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Weathering course

There can be several problems with the weathering course laid on top in the terrace. I am facing a very peculiar problem with it. In my apartment, we are seeing water dripping out the roof via the parapet-roof joints several days after rain. Water oozes out via a crack that has formed at the joint of the parapet wall and the roof RCC. Also, the dripping is happening near the roof drain vents, which happens to the lowest area of the roof-top.

Generally while constructing roof and weathering course, masons leave an inclination of level towards a corner of the roof for the rain water to drain comfortably. In our case, we are seeing water draining through a crack between the parapet wall and the roof in the vicinity of the drain vent. Since it is near the drain vent, we were suspecting the thickness of the weathering course. As there is a forced inclination in the weathering course layer, the thickness of the course near the vent should be lesser than the other areas of the roof.

When we consulted with a civil engineer, he was giving a completely different explanation for the problem. He was suspecting the iron-oxide coated shells layered on top the weathering course. He was saying rain water might have gotten into the core of the weathering course through the gaps between the iron-oxide shells. The water thus gotten inside keeps the weathering course in soaked condition for a long time. Here the core of the weathering course behaves like a sponge to absorb all the water that seeps inside. Later, the water thus absorbed percolate to the lowest side of the roof slowly, which may take weeks time (like our case). Once the amount of water reach a significant quantity at the lowest side, it tries to escape somehow. In our case, the escape vent is a crack that had formed between the roof RCC and parapet wall construction.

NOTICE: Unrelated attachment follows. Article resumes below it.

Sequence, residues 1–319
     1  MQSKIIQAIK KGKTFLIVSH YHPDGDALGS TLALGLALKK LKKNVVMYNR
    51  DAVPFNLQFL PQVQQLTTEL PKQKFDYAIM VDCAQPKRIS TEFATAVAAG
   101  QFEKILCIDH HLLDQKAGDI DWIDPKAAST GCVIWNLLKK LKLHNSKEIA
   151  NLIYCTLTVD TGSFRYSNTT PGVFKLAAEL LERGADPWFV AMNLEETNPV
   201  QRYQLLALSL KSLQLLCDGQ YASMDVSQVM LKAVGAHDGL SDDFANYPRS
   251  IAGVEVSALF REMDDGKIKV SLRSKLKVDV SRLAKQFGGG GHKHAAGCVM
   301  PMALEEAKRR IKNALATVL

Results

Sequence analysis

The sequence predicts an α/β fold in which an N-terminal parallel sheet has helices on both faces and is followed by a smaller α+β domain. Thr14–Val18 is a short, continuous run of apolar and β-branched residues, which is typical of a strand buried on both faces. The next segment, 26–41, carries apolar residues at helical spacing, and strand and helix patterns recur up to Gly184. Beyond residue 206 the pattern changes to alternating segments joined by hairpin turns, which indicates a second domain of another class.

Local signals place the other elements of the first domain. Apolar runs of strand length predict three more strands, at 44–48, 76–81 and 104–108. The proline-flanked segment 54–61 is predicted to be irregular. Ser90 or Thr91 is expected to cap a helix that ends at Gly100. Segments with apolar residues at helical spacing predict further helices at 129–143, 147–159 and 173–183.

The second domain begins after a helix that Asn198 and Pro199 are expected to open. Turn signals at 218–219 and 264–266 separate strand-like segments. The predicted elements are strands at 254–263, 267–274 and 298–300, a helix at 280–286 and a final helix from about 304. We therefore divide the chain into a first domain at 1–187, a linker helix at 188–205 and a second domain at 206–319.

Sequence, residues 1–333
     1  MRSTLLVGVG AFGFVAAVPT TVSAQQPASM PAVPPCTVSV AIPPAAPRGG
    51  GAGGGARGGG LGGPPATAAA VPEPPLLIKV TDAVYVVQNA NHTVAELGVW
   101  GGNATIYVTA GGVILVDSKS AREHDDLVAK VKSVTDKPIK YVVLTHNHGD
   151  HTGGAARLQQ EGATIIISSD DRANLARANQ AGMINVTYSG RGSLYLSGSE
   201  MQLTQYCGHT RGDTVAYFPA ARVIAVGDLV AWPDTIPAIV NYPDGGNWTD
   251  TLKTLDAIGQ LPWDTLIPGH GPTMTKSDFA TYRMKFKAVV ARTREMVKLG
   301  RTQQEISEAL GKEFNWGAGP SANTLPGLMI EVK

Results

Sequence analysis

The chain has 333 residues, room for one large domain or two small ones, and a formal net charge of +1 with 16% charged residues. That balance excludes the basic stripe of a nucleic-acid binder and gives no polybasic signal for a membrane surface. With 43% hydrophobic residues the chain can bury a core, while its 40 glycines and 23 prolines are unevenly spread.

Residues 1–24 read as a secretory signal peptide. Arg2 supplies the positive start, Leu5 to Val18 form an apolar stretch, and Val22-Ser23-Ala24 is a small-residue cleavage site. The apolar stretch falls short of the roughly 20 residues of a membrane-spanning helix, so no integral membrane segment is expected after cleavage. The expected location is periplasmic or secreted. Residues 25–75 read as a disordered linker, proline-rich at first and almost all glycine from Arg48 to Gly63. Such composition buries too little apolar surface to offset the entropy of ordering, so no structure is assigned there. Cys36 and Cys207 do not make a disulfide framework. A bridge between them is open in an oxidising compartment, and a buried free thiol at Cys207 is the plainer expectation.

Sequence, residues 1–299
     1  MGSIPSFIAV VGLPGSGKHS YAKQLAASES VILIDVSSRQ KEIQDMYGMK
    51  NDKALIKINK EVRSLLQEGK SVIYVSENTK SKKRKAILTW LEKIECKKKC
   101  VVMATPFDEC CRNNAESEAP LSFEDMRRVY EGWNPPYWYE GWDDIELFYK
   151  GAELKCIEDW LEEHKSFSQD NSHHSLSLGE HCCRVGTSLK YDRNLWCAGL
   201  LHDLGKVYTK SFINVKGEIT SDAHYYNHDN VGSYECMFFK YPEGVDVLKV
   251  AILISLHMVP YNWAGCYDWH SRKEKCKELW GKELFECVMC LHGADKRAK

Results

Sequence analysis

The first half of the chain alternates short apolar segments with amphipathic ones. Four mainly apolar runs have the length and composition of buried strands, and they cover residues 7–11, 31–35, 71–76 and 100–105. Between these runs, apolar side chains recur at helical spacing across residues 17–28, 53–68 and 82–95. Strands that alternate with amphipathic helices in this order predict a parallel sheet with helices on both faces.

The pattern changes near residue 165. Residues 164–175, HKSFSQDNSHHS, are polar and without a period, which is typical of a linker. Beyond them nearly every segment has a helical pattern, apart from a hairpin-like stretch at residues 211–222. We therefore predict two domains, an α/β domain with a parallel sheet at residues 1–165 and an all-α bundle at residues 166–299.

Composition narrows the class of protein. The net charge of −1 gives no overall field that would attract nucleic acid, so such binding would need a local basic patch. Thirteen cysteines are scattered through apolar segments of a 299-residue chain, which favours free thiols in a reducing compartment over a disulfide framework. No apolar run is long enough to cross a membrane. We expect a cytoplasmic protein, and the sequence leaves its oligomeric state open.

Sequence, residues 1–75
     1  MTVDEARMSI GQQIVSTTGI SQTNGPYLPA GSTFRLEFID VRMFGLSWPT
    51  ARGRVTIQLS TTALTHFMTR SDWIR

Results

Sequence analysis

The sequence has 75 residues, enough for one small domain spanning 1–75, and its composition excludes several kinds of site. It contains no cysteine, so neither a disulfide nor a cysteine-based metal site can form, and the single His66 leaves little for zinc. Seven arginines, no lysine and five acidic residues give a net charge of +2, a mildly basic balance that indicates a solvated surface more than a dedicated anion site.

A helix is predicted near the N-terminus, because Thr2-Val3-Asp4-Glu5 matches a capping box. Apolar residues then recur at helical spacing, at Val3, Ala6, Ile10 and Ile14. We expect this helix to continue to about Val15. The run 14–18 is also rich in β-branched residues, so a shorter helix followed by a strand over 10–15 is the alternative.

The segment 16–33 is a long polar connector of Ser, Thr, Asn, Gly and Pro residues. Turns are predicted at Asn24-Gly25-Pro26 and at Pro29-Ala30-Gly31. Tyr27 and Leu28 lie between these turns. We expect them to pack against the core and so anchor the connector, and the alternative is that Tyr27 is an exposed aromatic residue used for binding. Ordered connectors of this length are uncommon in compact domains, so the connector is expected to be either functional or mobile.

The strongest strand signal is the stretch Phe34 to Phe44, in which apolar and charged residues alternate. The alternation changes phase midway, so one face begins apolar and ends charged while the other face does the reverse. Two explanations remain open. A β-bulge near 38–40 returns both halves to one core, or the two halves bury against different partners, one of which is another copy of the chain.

So what is the solution to this problem? Should we take out the weathering course completely and redo from scratch? Should we be finding the source of the problem, the places were rain water seeps inside the core of the weathering course? Should we increase the thickness of the lowest side of the roof ? All these cannot be permanent solutions or they may not be easily doable. The
solution that I have is the following. Since the water collected is trying to escape, let’s give it an easy way to escape. Finally, we don’t want the core to be soaked. So we should be placing vent pipes just above the RCC roof level and be placed amidst the core of the weathering course at the lowest side of the roof. We know that water from all the areas are reaching here percolating for weeks. If there is an easy vent out like the vent pipe, the accumulated water can escape easily instead of dripping out of a crack. If we can find potential spots in the roof for more vent holes, we may very well preserve the consistency of the core of the weathering course for a long time. But that’s going to be pretty tricky!!